Although it’s known as the “Love Chapter” and often read at weddings, did you know that I Corinthians 13 can help you and your classmates get along better and have a great school year? Here’s how:
“Love is patient” when your teammate misses a shot and he costs you the game, or when your Science partner slows you down because she just doesn’t understand.
“Love is kind” to everyone, regardless of what group they’re in, what they look like, or where they buy their clothes.
“It does not envy” the girl with better looks who has the boys noticing her, the guy who’s better in sports, or the student with higher grades.
“It does not boast” when you get straight A’s, the newest ipod, or the most points in a game.
“It is not rude” by casting a hateful look, shoving through a crowded door, or calling someone “Loser.”
“It is not self-seeking” by always wanting to be first, wanting the biggest and best of what’s being handed out, needing all the attention, or not celebrating another’s success.
“It is not easily angered” even if the other kid gets mad first, when you feel picked on, or if you find out a friend has been talking behind your back.
“It keeps no record of wrongs” by reminding friends of how many times they’ve blown it.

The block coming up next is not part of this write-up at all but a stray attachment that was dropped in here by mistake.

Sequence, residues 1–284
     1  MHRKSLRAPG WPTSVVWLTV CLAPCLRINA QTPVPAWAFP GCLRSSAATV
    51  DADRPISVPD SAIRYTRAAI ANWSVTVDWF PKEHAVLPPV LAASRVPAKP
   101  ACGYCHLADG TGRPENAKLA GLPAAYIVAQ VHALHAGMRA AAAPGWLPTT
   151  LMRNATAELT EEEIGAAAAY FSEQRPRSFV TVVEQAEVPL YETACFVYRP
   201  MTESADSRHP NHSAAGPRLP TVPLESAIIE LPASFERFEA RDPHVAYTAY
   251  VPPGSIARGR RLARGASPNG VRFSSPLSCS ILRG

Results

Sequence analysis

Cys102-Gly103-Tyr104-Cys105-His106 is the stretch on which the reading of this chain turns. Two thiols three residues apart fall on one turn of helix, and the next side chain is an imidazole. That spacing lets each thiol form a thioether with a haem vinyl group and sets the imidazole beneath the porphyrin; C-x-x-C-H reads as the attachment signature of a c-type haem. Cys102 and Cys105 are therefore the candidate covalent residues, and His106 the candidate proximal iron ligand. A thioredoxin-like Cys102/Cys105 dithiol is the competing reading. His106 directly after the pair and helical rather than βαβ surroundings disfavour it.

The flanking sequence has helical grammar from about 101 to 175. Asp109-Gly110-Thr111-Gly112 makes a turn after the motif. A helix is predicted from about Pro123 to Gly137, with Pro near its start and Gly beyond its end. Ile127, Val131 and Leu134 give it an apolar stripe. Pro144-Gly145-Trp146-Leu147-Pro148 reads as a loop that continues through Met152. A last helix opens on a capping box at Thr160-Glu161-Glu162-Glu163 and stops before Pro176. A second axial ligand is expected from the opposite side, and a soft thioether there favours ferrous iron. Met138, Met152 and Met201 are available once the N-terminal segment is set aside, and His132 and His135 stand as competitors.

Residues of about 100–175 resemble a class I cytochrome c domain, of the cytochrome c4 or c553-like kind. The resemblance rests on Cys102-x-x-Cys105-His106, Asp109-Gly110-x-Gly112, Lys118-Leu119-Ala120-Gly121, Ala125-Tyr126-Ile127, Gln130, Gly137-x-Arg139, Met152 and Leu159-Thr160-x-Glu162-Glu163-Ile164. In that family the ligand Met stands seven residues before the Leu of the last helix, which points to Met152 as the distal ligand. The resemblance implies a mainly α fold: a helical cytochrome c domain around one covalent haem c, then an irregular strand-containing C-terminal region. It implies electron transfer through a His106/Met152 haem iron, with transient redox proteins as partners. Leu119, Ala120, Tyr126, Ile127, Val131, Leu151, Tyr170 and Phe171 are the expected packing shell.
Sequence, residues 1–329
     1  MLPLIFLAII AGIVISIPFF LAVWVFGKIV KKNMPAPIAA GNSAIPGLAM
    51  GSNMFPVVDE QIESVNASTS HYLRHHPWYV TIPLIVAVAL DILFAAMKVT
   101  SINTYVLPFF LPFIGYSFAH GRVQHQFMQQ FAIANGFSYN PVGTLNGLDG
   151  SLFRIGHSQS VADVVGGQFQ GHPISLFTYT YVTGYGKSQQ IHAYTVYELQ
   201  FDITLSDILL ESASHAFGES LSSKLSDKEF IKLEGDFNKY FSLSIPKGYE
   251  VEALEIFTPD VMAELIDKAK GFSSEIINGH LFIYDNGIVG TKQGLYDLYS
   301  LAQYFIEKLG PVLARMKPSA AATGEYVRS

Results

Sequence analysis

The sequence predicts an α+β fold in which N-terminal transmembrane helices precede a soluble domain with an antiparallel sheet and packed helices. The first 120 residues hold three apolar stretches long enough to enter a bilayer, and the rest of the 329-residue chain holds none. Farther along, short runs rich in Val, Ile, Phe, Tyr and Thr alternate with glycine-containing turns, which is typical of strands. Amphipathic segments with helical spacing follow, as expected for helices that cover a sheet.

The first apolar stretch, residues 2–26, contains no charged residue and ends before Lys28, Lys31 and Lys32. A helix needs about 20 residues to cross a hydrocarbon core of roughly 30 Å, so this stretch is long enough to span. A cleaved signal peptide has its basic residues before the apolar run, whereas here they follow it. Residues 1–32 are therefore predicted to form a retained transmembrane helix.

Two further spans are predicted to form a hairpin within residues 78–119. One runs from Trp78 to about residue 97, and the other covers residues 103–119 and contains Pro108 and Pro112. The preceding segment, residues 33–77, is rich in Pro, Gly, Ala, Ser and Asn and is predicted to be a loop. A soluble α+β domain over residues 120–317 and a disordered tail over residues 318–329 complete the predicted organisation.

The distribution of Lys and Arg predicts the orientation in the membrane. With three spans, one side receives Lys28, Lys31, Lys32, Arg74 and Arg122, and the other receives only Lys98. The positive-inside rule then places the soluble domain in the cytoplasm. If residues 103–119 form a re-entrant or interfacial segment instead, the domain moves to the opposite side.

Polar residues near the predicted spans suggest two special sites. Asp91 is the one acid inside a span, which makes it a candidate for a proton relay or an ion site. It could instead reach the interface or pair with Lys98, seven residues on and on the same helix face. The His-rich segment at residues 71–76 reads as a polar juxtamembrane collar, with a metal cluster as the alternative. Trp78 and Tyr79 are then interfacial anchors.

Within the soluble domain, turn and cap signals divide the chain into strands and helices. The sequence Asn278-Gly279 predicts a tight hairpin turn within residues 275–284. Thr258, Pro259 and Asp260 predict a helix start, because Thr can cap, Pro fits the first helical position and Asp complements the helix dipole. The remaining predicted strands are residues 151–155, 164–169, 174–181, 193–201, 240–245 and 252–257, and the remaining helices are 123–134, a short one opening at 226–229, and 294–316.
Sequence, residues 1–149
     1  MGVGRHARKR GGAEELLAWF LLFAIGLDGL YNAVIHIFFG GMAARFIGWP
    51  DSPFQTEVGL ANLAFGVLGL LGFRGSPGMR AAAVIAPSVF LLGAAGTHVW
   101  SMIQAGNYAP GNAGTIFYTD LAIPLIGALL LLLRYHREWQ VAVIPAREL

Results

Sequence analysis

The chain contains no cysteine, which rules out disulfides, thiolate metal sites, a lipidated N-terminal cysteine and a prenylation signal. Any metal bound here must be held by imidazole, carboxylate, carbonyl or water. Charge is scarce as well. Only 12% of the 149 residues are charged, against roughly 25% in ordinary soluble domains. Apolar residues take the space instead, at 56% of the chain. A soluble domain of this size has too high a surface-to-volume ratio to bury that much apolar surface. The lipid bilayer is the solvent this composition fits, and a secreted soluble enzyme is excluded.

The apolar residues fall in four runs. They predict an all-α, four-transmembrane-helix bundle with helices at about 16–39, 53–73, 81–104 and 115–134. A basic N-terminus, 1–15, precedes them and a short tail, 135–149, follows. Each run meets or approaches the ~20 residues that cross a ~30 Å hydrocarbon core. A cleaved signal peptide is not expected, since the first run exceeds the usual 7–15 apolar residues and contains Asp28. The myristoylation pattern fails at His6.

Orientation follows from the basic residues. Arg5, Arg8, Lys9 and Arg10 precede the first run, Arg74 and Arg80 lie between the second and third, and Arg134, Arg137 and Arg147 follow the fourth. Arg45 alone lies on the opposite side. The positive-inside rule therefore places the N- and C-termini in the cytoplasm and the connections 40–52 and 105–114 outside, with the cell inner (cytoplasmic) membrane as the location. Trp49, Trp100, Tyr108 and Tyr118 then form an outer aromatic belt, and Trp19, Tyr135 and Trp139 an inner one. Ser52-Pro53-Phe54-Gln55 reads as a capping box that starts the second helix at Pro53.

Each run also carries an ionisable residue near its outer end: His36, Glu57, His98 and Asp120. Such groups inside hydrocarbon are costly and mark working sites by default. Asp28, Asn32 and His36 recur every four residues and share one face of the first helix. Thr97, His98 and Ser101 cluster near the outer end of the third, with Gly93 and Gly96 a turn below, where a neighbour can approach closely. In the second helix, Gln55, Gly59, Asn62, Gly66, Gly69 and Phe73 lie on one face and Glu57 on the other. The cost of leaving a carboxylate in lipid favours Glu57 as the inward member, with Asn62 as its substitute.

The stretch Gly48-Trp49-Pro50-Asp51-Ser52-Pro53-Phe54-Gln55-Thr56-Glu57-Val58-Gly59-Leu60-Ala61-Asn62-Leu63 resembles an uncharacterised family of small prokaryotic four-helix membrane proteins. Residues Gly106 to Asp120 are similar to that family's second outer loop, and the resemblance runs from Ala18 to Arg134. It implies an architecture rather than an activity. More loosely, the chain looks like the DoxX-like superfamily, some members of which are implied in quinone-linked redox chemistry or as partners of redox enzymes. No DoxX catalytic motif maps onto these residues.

“It does not delight in evil” when you hear a classmate has cheated, broken a school rule, or bullied someone, “but rejoices in the truth.”
“It always protects, always trusts, always hopes, always perseveres.”
In other words, you’ve got your friend covered. She is safe with you. He knows he can depend on you.
Classes Remembered For...
Classes are often remembered for something they’ve accomplished. Teachers might say, “That class had the best grades of any I’ve seen,” or “This year’s class sure won our school a lot of games,” and “With all it’s leadership skills, this class is really going somewhere.” What if your class could be remembered for its love? What if you left that behind? What if your class set the standard for the entire school of how a class can cross over social barriers, clothing brands, looks, athletic and academic strengths, and truly love each other—no one being left out?
Try seeing your class as a family. Family members have different strengths and weaknesses. They support each other. They stick up for each other. They forgive. And isn’t it true that every family has a few “interesting” people in it? Yet they still love each other.
There’s plenty of time left in this school year to turn things around for your class. You can begin by talking with a few close friends about how your small group can find ways to practice the I Corinthians 13 type of love. It doesn’t matter if there are only a few of you. If Jesus could change the world with a starting number of twelve disciples, He can use you and your friends to change your class.
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By Nancy Canwell. Copyright © 2006 by GraceNotes. All rights reserved. Use of this material is subject to usage guidelines. Scripture taken from the NEW INTERNATIONAL VERSION ®.